Was I ever creative? Perhaps not: I dreamt as a child to write books, to be a published author. I dreamt of having my own series after reading Eragon. I dreamt of doing research so I could put together a legal thriller like John Grisham. I dreamt of going to the castles that the Tudors inhabited so I could write like Philippa Gregory. But I’m well aware that I have always been – well – derivative. No fully-fleshed-out character ever walked into my mind with a story they needed me to tell, like Harry Potter with J. K. Rowling. I never woke up with a plot in my head I needed to put flesh onto. But perhaps creativity isn’t always about stories or plot or a complete arc with exposition and climax. I like to think of myself (perhaps a little too grandly) as being good with seeing snippets in real life: to read some history on Wikipedia and be able to write a few pages on that specific episode from the point of view of the historical figure, to extrapolate from a social issue affecting real people to bind together threads so as to tell their story. It’s not a talent or a gift or anything: it’s just something I liked doing. So I’d do it: when I showered, before I slept, as I walked to and from places – I’d sometimes talk aloud, trying to write in my head that snippet of words. Sometimes I would make up dialogue for the people living in my head. They never had life stories. I wasn’t really creative enough for that. I grew to realize I would never write a novel, or even a short story: I don’t have a plot. But I had so many words inside me and I realized that writing legal essays – even pages and pages of argument – was not enough to satisfy that urge.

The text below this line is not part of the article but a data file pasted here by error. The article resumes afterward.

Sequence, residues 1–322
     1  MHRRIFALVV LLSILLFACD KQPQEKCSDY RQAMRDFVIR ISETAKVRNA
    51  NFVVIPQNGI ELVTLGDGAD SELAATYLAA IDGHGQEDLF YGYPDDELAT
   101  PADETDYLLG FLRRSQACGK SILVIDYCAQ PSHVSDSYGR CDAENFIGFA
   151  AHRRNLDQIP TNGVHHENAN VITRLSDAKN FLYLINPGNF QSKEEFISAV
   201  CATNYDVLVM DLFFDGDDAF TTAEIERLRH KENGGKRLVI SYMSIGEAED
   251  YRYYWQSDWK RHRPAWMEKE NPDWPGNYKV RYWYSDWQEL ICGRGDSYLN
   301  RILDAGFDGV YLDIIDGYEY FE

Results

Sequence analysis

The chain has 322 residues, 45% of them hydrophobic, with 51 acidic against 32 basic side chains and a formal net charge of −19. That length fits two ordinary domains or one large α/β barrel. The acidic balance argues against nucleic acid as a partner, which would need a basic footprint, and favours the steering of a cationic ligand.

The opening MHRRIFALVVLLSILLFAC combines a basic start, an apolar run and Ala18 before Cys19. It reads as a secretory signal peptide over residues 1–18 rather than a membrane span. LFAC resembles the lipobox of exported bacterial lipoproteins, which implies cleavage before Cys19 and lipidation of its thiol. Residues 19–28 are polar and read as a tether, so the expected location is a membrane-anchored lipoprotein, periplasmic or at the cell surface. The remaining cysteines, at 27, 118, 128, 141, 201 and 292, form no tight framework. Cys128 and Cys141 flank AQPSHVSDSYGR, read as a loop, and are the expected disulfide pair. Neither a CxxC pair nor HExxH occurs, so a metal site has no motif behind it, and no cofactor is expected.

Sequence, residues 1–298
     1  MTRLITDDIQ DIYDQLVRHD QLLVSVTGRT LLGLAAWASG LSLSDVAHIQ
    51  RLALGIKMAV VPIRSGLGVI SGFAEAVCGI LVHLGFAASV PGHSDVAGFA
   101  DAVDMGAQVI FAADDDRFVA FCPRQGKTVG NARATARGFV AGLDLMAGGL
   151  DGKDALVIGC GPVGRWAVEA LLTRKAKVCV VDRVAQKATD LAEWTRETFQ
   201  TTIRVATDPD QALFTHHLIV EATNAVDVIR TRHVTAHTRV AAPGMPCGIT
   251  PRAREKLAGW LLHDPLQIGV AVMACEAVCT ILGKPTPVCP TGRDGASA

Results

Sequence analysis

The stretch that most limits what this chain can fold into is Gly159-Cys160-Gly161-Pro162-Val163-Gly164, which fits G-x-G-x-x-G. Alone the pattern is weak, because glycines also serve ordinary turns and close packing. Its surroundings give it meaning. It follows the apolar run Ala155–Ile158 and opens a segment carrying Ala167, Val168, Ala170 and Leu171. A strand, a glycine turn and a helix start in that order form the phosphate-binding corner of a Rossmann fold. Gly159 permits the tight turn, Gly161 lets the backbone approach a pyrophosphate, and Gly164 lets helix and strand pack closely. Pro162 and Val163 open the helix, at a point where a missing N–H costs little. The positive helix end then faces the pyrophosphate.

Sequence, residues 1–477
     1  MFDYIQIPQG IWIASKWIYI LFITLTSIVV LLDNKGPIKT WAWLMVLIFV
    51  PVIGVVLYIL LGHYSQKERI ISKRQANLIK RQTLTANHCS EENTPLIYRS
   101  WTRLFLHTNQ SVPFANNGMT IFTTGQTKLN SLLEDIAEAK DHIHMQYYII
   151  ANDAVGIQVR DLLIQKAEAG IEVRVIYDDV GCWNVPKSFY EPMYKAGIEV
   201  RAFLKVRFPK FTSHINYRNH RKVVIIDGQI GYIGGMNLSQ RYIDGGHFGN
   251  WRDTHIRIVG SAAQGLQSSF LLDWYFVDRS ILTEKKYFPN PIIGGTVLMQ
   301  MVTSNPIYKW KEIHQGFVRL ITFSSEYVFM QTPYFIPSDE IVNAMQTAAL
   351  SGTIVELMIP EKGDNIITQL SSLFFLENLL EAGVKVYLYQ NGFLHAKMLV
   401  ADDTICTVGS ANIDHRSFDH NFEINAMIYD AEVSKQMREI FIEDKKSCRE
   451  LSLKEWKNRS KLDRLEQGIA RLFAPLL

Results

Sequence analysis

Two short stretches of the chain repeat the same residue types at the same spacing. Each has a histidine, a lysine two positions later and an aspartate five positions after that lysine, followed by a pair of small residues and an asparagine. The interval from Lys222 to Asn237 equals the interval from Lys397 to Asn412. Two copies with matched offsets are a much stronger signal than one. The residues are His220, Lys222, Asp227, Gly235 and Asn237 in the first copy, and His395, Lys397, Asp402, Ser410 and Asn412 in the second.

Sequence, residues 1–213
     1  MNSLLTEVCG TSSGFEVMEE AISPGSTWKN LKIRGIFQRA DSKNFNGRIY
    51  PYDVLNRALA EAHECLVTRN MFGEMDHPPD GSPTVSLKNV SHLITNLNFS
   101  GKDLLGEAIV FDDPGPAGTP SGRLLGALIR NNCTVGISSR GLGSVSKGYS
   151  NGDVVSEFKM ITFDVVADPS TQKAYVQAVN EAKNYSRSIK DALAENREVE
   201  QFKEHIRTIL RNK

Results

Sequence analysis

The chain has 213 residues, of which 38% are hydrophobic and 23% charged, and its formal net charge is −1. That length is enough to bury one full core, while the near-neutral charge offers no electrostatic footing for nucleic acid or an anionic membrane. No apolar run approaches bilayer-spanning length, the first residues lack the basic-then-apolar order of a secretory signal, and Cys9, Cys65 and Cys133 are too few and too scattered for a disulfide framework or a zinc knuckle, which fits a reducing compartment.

When I was in my first year of university I helped direct / write a play for the annual variety show a bunch of students put on. In hindsight, it was probably a lot of hoo-ha over nothing: we rallied together everyone who could sing and/or play an instrument, or dance, and tried to fit all these acts into a coherent drama.

I loved it. The plot grew out of someone else’s mind but we worked on it together, and the scenes that I got to write I will probably remember till the end of time. It was cheesy, and a little too important for its own good, but it was a part of me that got expressed on stage. I wrote monologues for the prologue and epilogue, which purported to sum up the themes of the play from the eyes of each main character; I put pieces of myself into each speech, and when they spoke I almost felt my heart clutch at how my words were given life.

After that little exercise, I thought to myself that it would be simply grand if I could do it again – I had burgeoning ideas (I always had; they just always sort of went up in a whiff of smoke when I tried putting them to paper, which only shows that they were never that great to begin with), and I thought that the first (and only) success ought to be enough encouragement. I only later realized that it was a futile endeavor because without the opportunity to involve other people eager (or forced) to stage a play, it was strange to write a script. Granted, there was Ibsen and Shakespeare and a million famous playwrights whose stories came in the form of plays – but then I realized there was a hurdle.

A language hurdle.